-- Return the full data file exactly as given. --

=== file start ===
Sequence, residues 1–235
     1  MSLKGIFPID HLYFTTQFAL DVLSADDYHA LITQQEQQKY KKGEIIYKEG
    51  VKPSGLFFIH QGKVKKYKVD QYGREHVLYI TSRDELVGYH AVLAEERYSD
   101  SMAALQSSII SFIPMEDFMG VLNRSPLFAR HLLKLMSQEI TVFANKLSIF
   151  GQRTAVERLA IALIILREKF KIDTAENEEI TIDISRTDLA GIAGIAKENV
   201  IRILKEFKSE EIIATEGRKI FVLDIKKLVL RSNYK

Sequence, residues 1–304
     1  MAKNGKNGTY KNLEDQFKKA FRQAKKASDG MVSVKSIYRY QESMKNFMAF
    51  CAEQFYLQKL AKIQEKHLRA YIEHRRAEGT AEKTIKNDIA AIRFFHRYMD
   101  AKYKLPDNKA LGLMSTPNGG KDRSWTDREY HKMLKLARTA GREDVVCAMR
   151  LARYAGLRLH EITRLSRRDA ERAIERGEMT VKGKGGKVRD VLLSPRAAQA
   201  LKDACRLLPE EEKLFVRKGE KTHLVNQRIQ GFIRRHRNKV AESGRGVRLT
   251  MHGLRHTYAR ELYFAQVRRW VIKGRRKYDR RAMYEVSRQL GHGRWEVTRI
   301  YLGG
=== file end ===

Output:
Sequence, residues 1–235
     1  MSLKGIFPID HLYFTTQFAL DVLSADDYHA LITQQEQQKY KKGEIIYKEG
    51  VKPSGLFFIH QGKVKKYKVD QYGREHVLYI TSRDELVGYH AVLAEERYSD
   101  SMAALQSSII SFIPMEDFMG VLNRSPLFAR HLLKLMSQEI TVFANKLSIF
   151  GQRTAVERLA IALIILREKF KIDTAENEEI TIDISRTDLA GIAGIAKENV
   201  IRILKEFKSE EIIATEGRKI FVLDIKKLVL RSNYK

Sequence, residues 1–304
     1  MAKNGKNGTY KNLEDQFKKA FRQAKKASDG MVSVKSIYRY QESMKNFMAF
    51  CAEQFYLQKL AKIQEKHLRA YIEHRRAEGT AEKTIKNDIA AIRFFHRYMD
   101  AKYKLPDNKA LGLMSTPNGG KDRSWTDREY HKMLKLARTA GREDVVCAMR
   151  LARYAGLRLH EITRLSRRDA ERAIERGEMT VKGKGGKVRD VLLSPRAAQA
   201  LKDACRLLPE EEKLFVRKGE KTHLVNQRIQ GFIRRHRNKV AESGRGVRLT
   251  MHGLRHTYAR ELYFAQVRRW VIKGRRKYDR RAMYEVSRQL GHGRWEVTRI
   301  YLGG